Helping abused women
Helping abused women
By Karis Rogerson
The name Julie Shrader might not mean anything to you, but it means a lot to the broken and battered women of Omaha, Nebraska.
Shrader is the founder of Rejuvenating Women, a nondenominational support group where women, regardless of their religious, cultural, or social background, can find healing through therapy and group support.
Shrader wasn’t always the type of woman who could help others. Her early life was hard. “It was miserable,” she said, describing her first marriage, but that could also apply to her childhood living in poverty, her rape when she was still a virgin, the abuse at the hand of her daughter’s father or her need to turn to strip dancing to pay her bills.
Shrader was broken and battered. Even after she met her current husband and completed her GED, she was deeply unhappy. “I was living in a lot of shame,” she said, and her freedom from shame through forgiveness led to the “shame no more” motto of the organization.
Today, Shrader wants to help other women be free from shame. Rejuvenating Women offers support group meetings for women Monday and Thursday, and has licensed therapists—drug and alcohol, trauma, social services, and more—who volunteer to help them.
To say her job is challenging would be an understatement. She pours her heart into helping women, many of whom, she says, come from a history of sexual abuse, which can include rape, forced prostitution, or trafficking. It is difficult to watch them struggle to free themselves.
On average, these women go back to their situation about five times, and watching them return to a situation of pain is heart-rending for Shrader. But she pushes on because, she said, “I don’t ever wanna give up on these girls.”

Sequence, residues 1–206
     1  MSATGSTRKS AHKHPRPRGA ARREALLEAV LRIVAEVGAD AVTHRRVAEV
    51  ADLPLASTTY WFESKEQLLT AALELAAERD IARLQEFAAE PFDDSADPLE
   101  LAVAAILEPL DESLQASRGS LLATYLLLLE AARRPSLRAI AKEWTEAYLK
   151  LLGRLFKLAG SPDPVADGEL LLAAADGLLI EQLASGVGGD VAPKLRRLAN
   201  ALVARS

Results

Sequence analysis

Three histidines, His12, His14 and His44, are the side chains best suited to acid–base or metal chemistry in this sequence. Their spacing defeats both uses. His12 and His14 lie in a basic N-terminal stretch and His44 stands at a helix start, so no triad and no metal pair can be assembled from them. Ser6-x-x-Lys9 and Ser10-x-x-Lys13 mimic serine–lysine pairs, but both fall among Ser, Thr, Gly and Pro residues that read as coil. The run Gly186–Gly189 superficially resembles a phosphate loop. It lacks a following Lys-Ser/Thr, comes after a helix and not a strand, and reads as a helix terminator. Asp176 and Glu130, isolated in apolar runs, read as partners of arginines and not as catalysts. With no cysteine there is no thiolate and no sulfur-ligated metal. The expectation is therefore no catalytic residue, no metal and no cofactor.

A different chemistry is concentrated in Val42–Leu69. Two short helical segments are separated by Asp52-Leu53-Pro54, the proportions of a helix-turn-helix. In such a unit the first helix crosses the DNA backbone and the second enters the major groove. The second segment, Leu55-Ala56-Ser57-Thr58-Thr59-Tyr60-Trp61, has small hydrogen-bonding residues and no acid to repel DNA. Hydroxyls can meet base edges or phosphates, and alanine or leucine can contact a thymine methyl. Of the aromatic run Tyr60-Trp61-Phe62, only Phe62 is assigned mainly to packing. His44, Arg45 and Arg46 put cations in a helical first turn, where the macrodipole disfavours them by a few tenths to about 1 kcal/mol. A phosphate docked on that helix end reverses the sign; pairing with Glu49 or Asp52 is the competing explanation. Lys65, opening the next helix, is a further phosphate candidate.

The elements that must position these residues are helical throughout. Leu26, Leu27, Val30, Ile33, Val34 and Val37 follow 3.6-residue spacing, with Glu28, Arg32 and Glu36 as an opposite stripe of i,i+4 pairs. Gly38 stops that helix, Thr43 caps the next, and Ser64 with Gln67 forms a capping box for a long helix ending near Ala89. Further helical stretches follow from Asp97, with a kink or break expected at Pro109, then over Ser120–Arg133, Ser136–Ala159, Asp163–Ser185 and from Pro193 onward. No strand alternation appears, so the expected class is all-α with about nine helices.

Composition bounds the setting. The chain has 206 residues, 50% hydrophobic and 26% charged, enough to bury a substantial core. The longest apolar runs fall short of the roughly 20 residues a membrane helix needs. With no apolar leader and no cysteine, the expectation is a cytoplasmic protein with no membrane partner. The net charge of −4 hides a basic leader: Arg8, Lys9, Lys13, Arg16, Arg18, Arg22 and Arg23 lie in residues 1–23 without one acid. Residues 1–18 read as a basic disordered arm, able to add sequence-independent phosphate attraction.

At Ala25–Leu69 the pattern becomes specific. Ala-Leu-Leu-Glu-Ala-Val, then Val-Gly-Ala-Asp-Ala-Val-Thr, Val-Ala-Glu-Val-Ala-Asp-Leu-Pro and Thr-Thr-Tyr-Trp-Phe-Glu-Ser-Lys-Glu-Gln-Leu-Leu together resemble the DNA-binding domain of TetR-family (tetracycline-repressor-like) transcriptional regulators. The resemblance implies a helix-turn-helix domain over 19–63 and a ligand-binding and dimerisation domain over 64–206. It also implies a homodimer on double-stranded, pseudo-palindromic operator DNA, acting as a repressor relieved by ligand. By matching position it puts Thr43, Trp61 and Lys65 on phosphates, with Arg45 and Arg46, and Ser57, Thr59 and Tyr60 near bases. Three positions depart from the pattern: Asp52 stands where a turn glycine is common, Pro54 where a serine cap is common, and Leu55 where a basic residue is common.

“This is my heart,” she says. “I love these women, and I never thought that I would be that kind of person that would just love these women that other people have thrown away, and written off . . . I completely think . . . they are just as worthy as anybody else, and they need to be loved just like anybody else.”
Despite the challenges, there are very rewarding moments. One was watching a woman break down during a meeting and be prayed over by the others. It was the good kind of crying, Shrader said, the kind that brings healing. The woman eventually admitted that she needed God to help her forgive herself and those who had hurt her.
And Shrader says it’s God who helps her during the hard times. After a recent meeting that left her completely drained, she went home to spend some time reading her Bible. “I like to just open up in Psalms and Proverbs and I just like to come across things that just fill me,” she said. “I feel like I have to be filled back up. If I’m depleted, I’m not good for anybody.”
The effect she has had on women’s lives in Omaha might seem supernatural, and she would agree that it is not just through her own effort that things have changed. “The force behind this is God,” she said. “If it wasn’t for me just feeling like I’m doing what He wants me to do, I don’t know that I’d be doing this.”